Ontologies and Knowledge Bases

The development of the Semantic Web contributed considerably to advance the area of ontologies, and now they are commonly accepted as a mean to represent and share existing knowledge.

An ontology is an explicit specification of a conceptualization [9] aiming for describing a set of representational primitives with which to model a domain of knowledge or discourse [10]. In other words, an ontology is a specification of an abstract, simplified view of a domain. Formally, it corresponds to a triple O:={C, R, AO}, where C is a set of concepts, which represent the entities in the domain; R is a set of attributes that characterize the concepts and AO a set of axioms that describe constraints on the ontology, making explicit implicit facts. Among R elements, there are relations, a particular case of attributes, whose range are concepts. The is-a is a generic relation that establishes that one concept (say c1) is a sub-concept of another one (say c2,), or in other words c2 is a parent of c1. In the counterpart of ontologies are knowledge bases, which specify the known members of each concept in a particular ontology. A knowledge base is a tuple KB:={O, I, inst-1 }, where O is a ontology as defined above; I a set of instances and inst-1 a function from I to C in ontology O, that identifies the relation among instances and concepts. Actually, inst-1 is just the inverse of the concept instantiation function. Note that while ontologies describe generic elements, by defining its properties and describing the relations among them, a knowledge base defines a set of instances, which can be understood in that context. 2.3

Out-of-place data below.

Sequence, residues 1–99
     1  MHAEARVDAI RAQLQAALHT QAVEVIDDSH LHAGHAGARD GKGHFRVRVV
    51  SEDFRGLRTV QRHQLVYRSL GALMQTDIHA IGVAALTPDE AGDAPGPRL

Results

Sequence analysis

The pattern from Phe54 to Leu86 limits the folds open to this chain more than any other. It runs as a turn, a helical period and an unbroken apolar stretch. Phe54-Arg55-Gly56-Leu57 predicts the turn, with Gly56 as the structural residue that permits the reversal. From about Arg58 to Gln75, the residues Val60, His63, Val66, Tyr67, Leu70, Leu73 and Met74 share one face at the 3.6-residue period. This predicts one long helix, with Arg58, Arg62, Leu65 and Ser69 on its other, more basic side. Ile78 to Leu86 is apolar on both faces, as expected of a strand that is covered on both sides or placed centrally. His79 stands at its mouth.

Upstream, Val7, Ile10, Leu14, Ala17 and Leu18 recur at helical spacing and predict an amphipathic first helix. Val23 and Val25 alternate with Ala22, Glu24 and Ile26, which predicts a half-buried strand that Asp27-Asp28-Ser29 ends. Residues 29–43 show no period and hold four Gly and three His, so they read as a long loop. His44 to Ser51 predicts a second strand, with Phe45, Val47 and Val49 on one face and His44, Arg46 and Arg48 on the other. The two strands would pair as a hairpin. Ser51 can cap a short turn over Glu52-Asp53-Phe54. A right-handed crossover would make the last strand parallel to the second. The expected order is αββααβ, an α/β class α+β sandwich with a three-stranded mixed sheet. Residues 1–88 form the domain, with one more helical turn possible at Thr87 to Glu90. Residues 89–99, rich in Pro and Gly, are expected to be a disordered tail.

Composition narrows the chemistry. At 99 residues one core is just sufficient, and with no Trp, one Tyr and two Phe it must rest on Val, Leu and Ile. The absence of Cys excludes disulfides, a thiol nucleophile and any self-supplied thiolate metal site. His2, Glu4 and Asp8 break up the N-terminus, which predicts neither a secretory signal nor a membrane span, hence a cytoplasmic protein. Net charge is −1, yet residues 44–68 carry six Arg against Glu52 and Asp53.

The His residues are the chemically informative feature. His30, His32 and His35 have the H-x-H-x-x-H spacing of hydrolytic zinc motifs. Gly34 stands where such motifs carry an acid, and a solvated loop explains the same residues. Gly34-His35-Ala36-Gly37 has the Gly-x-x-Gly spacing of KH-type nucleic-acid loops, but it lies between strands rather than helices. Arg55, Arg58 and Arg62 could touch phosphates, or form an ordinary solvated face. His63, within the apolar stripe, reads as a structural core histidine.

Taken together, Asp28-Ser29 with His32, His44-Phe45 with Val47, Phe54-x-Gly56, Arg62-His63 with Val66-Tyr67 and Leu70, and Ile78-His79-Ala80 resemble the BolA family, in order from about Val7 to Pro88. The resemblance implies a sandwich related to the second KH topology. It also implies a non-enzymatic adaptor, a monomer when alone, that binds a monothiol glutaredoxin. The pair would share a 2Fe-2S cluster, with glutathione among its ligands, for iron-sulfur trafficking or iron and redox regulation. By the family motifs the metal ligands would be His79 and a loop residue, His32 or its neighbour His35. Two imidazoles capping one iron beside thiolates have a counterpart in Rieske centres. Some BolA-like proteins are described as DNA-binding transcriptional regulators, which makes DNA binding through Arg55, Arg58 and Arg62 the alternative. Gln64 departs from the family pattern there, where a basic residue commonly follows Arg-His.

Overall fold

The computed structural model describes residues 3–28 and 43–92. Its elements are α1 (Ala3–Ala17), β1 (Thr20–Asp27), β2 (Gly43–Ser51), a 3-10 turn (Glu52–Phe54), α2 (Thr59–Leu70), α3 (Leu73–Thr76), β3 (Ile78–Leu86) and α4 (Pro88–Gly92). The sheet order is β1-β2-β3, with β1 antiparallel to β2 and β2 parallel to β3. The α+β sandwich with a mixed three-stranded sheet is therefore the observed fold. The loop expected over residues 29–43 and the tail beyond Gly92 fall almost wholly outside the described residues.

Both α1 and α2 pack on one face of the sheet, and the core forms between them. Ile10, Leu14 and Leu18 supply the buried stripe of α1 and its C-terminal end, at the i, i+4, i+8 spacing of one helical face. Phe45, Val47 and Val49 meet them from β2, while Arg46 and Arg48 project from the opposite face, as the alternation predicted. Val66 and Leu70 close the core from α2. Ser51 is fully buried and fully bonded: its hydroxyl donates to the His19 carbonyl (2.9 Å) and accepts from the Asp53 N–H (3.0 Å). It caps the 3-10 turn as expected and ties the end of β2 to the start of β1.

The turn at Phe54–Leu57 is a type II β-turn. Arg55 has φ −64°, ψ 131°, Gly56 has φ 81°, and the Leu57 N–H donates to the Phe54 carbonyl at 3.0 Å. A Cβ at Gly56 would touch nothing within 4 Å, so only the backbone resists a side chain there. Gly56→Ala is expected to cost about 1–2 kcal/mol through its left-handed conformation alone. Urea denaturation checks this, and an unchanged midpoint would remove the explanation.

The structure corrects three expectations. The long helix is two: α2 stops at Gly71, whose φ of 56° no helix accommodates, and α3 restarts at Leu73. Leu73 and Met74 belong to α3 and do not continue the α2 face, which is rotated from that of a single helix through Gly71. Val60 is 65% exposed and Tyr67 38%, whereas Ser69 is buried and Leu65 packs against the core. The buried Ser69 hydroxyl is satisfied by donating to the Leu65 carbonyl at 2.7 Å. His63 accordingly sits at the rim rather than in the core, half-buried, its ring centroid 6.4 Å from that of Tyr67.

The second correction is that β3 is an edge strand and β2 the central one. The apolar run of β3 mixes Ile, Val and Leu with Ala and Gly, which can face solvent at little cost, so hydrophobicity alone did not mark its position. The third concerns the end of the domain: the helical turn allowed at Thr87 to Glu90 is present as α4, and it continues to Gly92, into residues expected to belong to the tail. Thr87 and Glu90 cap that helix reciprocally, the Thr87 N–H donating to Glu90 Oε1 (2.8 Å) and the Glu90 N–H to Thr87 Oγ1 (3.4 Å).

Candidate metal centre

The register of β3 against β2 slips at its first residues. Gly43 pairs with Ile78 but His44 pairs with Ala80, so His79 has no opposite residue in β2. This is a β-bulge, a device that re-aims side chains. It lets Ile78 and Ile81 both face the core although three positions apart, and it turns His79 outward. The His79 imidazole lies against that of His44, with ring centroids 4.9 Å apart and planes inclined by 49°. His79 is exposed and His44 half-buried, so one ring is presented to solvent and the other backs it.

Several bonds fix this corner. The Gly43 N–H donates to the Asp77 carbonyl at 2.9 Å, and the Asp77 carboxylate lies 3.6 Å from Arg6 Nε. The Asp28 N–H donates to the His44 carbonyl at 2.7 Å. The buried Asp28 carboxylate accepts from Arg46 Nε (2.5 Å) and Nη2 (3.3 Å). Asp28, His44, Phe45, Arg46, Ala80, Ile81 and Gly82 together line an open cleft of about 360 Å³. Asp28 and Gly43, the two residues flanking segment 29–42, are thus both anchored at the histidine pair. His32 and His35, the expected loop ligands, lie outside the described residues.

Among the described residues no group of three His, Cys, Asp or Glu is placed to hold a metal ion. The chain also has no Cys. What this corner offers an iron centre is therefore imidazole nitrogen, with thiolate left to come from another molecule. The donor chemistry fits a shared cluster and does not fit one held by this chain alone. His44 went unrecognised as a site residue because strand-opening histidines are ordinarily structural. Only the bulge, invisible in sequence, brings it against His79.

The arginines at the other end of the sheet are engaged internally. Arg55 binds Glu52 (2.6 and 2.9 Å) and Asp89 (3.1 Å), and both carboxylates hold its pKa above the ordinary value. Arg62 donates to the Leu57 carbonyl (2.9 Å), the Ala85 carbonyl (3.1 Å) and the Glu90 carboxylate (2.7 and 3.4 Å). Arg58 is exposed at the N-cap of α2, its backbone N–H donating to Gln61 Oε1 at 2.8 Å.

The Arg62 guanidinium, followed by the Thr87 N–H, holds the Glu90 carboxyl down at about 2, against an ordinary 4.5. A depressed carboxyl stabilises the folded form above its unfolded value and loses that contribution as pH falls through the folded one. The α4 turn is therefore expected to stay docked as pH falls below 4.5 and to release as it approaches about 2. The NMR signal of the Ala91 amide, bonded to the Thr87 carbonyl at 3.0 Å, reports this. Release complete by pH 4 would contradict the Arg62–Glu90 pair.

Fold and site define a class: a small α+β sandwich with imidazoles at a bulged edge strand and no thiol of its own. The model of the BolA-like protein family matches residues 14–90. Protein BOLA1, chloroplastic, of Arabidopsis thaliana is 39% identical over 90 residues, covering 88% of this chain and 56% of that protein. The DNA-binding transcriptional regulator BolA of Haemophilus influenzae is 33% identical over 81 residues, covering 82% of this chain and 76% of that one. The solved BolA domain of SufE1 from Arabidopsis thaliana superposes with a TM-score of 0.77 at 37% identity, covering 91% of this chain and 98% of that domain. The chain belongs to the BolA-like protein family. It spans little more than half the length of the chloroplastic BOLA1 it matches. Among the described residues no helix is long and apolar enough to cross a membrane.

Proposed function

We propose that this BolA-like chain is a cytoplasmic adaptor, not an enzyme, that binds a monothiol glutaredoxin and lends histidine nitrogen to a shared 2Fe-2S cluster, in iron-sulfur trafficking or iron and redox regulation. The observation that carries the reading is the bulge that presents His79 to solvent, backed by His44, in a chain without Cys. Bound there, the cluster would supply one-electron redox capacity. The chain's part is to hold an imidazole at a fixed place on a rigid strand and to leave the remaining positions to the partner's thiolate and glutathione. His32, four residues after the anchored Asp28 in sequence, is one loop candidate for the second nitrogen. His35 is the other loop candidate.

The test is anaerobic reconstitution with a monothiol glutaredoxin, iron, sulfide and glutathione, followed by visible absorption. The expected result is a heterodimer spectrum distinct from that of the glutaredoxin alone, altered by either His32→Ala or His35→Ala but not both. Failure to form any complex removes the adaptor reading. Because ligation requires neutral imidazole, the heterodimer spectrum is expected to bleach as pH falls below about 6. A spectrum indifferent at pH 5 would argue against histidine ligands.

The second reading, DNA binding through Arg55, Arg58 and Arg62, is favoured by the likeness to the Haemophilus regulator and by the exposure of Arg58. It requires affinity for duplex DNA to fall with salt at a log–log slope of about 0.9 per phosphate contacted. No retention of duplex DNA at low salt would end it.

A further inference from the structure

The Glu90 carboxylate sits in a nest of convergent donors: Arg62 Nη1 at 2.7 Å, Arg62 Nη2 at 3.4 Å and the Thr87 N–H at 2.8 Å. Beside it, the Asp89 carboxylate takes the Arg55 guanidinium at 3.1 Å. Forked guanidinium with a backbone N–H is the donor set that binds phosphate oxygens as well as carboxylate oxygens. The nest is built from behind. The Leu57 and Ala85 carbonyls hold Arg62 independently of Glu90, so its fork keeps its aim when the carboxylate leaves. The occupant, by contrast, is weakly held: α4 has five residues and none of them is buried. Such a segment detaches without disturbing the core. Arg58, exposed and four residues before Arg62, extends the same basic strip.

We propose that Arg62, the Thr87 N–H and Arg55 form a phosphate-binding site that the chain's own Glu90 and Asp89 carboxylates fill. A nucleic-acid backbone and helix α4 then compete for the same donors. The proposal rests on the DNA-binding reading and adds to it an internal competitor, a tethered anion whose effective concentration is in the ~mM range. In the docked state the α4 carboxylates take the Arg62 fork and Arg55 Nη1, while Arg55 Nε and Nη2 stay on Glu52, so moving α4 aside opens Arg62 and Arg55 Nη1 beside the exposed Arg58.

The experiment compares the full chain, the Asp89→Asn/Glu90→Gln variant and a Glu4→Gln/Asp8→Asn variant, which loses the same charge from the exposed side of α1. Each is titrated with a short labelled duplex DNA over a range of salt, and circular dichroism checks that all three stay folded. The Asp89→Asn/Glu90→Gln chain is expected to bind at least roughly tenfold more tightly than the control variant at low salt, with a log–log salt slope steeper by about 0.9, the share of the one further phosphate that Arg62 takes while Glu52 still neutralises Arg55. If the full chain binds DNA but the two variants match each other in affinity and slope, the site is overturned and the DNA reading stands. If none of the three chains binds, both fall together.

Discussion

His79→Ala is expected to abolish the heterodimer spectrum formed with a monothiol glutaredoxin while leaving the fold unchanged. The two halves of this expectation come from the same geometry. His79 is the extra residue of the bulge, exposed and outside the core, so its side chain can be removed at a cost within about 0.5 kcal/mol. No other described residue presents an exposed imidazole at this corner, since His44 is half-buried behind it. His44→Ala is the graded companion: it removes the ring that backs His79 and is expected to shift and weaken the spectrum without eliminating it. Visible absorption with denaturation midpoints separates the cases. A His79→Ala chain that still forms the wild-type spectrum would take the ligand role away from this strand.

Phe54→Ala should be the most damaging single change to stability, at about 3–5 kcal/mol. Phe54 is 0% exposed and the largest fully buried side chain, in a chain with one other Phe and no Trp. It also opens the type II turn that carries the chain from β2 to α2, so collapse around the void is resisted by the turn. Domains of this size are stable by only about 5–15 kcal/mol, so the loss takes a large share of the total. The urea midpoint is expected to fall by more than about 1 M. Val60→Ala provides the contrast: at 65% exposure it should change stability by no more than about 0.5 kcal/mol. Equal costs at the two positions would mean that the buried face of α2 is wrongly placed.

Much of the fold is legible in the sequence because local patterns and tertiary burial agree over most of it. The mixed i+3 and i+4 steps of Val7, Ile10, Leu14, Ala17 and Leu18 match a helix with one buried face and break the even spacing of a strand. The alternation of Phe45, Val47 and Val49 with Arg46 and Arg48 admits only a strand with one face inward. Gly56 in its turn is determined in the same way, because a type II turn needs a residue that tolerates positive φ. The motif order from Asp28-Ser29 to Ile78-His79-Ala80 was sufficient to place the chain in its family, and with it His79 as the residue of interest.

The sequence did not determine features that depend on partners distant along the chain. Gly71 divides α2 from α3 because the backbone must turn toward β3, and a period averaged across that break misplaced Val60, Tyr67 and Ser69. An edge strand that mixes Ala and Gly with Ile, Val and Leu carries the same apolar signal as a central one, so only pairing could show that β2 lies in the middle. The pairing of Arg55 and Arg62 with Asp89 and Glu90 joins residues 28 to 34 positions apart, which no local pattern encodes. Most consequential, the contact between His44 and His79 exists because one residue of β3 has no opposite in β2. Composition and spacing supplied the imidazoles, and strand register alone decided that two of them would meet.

The Onto4AR framework